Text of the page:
It might be easy to dismiss the 2020 Mercedes-Benz GLB as yet another box-checking effort by Mercedes, but as the SUV and crossover segments get carved into thinner and thinner slices, it’s offerings like the GLB that remind us why customers want high-riding hatchbacks in the first place. Not only does it provide the fancier interior, superior performance and advanced technology expected of a luxury badge, it’s also surprisingly spacious and well-equipped for the money. There’s even an available third row, which is an outlier for this niche of the luxury market even if its usefulness is questionable.
The GLB shares most of its mechanical underpinnings with the next-generation GLA (itself related to the A- and CLA classes), but differentiates itself with a boxy, practical shape that still manages to look sleek and upmarket. Its front-wheel-drive architecture may not gird any enthusiasts’ loins, but Mercedes-Benz throws the driving-matters crowd a few bones with available AMG-inspired brakes and dress-up bits, plus an adaptive suspension that can tighten up when you want some driving fun without sacrificing ride quality the rest of the time. For everyone else, the GLB is responsive, refined and comfortable enough to warrant its Mercedes badge and represent a clear advantage over non-luxury offerings.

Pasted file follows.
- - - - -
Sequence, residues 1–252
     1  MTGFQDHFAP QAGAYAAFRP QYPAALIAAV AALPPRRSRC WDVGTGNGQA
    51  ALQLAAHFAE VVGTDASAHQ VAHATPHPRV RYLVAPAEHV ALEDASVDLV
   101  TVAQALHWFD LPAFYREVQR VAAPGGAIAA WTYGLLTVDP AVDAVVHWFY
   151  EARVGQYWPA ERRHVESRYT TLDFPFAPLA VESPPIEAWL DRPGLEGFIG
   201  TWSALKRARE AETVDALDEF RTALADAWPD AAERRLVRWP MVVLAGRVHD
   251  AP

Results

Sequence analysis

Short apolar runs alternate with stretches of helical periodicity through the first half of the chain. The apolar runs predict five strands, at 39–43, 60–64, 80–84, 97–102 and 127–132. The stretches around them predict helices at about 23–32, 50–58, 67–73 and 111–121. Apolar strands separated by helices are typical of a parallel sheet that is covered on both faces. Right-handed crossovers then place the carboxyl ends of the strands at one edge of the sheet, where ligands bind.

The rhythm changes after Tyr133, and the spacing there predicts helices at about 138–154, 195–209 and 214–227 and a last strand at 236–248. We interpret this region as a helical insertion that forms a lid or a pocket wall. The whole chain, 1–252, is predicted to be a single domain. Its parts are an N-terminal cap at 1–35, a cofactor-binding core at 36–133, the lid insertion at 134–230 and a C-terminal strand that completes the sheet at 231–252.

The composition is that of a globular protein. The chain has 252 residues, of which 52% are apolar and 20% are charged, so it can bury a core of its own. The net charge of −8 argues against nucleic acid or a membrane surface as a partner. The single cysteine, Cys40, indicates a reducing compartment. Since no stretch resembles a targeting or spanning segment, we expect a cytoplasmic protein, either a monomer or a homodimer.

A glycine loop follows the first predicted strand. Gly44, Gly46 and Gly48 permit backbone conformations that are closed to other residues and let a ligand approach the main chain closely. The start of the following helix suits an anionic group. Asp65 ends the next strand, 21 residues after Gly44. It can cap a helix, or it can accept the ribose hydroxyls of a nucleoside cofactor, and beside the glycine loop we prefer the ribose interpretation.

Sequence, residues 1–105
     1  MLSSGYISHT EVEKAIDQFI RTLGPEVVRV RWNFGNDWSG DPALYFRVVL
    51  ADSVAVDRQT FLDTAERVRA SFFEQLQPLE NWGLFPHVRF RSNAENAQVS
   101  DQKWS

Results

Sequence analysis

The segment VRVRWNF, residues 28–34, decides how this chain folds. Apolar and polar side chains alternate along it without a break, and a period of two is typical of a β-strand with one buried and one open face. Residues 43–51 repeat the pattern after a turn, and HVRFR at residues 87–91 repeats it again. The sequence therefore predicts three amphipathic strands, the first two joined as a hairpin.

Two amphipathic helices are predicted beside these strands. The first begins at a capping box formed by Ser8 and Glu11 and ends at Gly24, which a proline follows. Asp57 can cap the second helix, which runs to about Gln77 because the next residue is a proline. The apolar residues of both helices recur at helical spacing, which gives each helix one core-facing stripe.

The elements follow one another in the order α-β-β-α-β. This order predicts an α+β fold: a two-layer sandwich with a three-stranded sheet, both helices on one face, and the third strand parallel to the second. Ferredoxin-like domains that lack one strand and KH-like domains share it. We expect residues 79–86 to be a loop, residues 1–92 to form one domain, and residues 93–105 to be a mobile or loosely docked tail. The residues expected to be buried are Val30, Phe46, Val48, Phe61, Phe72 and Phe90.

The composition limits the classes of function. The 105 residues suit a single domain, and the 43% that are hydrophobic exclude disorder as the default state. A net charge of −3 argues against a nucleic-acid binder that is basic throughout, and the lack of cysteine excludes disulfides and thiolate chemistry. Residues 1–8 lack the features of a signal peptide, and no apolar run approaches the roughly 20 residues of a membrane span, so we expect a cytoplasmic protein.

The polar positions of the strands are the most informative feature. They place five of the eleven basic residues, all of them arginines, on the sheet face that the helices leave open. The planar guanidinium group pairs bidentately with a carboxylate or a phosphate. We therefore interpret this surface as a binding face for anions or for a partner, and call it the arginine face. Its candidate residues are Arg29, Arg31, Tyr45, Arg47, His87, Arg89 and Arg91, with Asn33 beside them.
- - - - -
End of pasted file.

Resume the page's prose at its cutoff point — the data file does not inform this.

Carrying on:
Altogether, its combination of practicality and versatility makes the GLB a top choice in the growing subcompact luxury segment, eclipsing the likes of the BMW X1 and X2, Audi Q3, Cadillac XT4 and Lexus NX.
What’s new for 2020?
The GLB is a fresh entry for this model year. It debuted late in 2019 and went on sale shortly thereafter.
What’s the interior and in-car technology like?